Many people would be excited at the opportunity to tour the White House at Christmas time. For Sister Raghad Saeed Saqat, OP, a Sister of the Dominican Congregation of St. Catherine of Siena from Iraq, it was a moving and thought-provoking experience.
Sister Raghad – a doctoral student studying physics at Catholic University of America – was invited to accompany Sister Donna Markham, OP, President and CEO of Catholic Charities USA, to a Christmas party at the White House. Because of the pandemic, the party was a tour of special rooms in the White House decorated for Christmas.
“They decorated everything,” Sister Raghad explained. “There were different kinds of trees and beautiful decorations. … It was pretty amazing to see all the decorations of Christmas and all the colors,” with each room honoring something different, from nature to the military.
Sister Raghad said she was also moved by the parting gift of a White House Christmas ornament. “This is a good sign for the new year,” she said. “It will carry something from the White House to Iraq. It’s an instrument of peace.”
The experience at the White House brought mixed feelings to Sister Raghad. When Sister Donna invited her to accompany her to the White House, she said, she was worried. “I didn’t think they’d accept me as an Iraqi,” but she was cleared after her documents were checked.
At a deeper level, Sister Raghad said, the visit to the White House reminded her of her own country, which had been decimated years ago by the 2003 U.S. invasion. It was in the White House, she noted, that the decision had been made to attack her country.
The relationship between the two countries was also an issue for Sister Raghad when, in 2018, she came to the United States – first to study English and then to begin her doctoral studies in nano physics. She finished her academic studies and passed her comprehensive exam, and is working on research and writing her dissertation.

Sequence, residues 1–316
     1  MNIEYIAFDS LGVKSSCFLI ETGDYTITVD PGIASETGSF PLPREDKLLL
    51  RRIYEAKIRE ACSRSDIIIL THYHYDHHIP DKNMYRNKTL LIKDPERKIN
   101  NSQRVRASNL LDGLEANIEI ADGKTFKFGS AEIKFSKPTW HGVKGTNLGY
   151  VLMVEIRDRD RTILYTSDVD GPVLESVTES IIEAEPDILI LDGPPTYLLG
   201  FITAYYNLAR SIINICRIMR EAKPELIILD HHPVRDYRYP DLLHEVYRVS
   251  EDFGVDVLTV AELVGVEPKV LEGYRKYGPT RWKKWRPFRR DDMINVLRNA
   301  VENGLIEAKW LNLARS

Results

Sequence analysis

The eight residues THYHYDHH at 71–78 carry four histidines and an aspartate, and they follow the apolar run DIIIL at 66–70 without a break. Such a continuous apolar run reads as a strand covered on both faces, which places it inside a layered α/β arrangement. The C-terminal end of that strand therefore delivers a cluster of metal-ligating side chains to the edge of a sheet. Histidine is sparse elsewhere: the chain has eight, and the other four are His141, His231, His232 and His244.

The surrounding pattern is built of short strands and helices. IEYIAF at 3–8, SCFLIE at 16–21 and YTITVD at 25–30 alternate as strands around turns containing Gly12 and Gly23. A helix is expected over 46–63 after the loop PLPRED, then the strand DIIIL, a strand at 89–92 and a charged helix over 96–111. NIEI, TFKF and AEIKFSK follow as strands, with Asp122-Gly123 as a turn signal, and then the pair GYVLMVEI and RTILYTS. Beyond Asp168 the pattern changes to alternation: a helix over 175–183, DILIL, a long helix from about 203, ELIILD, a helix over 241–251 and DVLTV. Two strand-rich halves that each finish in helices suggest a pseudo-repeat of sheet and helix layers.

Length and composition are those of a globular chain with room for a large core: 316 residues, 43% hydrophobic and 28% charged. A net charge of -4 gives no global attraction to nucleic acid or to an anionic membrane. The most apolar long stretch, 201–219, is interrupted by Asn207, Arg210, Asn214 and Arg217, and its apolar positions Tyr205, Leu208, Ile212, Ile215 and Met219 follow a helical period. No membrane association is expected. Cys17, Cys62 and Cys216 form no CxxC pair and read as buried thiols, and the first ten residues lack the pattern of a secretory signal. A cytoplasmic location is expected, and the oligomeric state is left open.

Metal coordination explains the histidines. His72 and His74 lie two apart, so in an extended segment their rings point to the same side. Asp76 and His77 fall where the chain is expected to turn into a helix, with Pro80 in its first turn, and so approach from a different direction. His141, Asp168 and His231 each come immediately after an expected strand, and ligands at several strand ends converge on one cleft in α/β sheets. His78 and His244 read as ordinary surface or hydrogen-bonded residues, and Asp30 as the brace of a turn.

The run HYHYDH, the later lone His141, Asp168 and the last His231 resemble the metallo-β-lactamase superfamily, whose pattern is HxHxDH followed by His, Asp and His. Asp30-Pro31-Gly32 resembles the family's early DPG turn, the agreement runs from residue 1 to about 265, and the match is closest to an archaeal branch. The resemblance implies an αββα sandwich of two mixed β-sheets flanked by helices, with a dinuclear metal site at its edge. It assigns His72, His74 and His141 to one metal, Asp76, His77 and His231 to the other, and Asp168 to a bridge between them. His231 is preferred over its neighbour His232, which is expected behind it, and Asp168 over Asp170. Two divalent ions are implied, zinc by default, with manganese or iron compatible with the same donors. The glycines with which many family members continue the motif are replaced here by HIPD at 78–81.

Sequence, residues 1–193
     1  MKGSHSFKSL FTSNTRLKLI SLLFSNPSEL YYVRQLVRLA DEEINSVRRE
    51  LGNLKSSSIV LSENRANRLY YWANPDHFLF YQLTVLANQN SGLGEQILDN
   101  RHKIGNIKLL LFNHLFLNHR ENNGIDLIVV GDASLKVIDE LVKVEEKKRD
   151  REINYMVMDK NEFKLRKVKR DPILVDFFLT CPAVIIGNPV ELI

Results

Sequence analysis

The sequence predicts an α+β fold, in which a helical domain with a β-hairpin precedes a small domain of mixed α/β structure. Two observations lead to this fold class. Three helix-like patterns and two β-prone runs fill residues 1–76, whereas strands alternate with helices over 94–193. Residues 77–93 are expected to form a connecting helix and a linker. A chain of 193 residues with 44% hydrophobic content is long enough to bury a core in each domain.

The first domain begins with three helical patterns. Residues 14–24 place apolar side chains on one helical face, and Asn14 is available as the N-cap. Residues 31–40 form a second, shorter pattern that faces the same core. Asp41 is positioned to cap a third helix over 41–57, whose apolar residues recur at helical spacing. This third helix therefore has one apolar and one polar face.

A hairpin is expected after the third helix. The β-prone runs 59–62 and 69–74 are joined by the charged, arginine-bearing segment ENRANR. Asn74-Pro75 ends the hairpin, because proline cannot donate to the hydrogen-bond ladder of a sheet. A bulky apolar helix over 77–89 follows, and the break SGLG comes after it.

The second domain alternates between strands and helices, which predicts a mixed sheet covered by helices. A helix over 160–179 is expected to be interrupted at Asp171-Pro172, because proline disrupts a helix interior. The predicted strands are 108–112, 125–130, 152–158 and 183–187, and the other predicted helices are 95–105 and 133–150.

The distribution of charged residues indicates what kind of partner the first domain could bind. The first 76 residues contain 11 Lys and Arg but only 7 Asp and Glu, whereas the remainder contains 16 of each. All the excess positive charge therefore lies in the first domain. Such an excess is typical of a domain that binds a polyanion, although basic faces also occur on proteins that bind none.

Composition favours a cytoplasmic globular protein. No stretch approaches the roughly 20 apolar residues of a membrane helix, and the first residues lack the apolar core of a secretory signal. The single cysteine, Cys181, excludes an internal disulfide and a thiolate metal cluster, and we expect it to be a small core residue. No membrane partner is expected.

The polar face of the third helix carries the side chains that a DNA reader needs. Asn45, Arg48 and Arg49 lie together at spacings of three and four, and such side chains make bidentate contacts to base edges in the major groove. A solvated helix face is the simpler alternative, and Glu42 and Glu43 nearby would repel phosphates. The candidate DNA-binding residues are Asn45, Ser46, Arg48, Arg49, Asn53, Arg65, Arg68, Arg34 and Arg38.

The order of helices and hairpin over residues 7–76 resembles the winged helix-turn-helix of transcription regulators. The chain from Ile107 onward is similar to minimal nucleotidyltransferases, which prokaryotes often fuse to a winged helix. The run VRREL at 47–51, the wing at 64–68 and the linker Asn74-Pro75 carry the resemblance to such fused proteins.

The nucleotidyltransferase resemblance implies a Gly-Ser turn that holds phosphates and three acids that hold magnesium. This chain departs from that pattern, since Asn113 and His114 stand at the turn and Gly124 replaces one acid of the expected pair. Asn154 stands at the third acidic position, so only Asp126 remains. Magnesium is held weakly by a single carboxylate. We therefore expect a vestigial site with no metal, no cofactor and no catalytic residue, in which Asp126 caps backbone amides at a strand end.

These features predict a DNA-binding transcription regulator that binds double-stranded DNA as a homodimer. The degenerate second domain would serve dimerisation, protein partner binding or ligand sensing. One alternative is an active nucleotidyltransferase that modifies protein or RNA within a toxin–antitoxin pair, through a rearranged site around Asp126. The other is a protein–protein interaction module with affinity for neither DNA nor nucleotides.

“The challenge when I came here was how I can be in a country that destroyed my country,” Sister Raghad said. “Sometimes I got to a point where I don’t want to stay here, especially at the beginning. You feel you have to be with your people.”
The Dominican Sisters of St. Catherine of Iraq have faced numerous challenges in recent years. In August 2014, the Dominican Sisters of St. Catherine of Siena were forced to evacuate their convents on the Nineveh Plain with the coming of ISIS. The Sisters – along with tens of thousands of Iraqi Christians, Yazidis, and other religious minorities – were displaced for years in northern Iraq. In recent years, the Sisters and other local residents returned to their former homes, which in many cases had been destroyed by ISIS.
Sister Raghad said she had originally planned to study at a university in England, but the documents she needed were destroyed by ISIS. “We lost our convent, our books, even our documents – everything – but God was there walking with us, walking in our journey,” she said. “We need faith for sure, and hope that things will be better.”
Since coming to the United States, Sister Raghad has faced her fair share of challenges – as the only Iraqi student and as a doctoral student studying in a second language. “I am the only Iraqi student, and I am a Sister,” she said. “There is a mission here – not just to be studying here, but to show who the Sisters are, especially from a different country.”
Sister Raghad said her fellow students have shown a great interest in her life and in the situation of Iraq. “It’s very interesting how the people want to hear from me, and they are very respectful to hear me tell my story. They are wonderful people and they want to help me. Before I thought about what the U.S. did to Iraq, but the people [here] are amazing, how they try to help.”
Since coming to know people in the United States, Sister Raghad has served as a bridge between the people of the two nations. She tells Americans, “We are not all ISIS. There are really good people in Iraq. Do not look at us as terrorists. We are really kind people, generous people.”
On the other hand, Sister Raghad tells the people of Iraq that, although America is a powerful country, the people of the United States are kind and want to help. “They don’t want to make people suffer,” she said. “They feel our pain.”
Sister Raghad hopes to continue this ministry of good will when, after she completes her doctorate, she returns to teach at the University of Mosul. “I will be teaching Muslims and all kinds of people at the University of Mosul,” she said. “To be there as a Christian is a big thing, to give the people hope. Especially after ISIS, it means a lot to people to have a Christian there.”
In the meantime, Sister Raghad appreciates the people at Catholic University and the support of the Dominican family in the United States. “They are my family,” she said. “They are my Sisters, my friends for sure. Without them I cannot do this in such a short time. They encourage me. They’re walking with me.”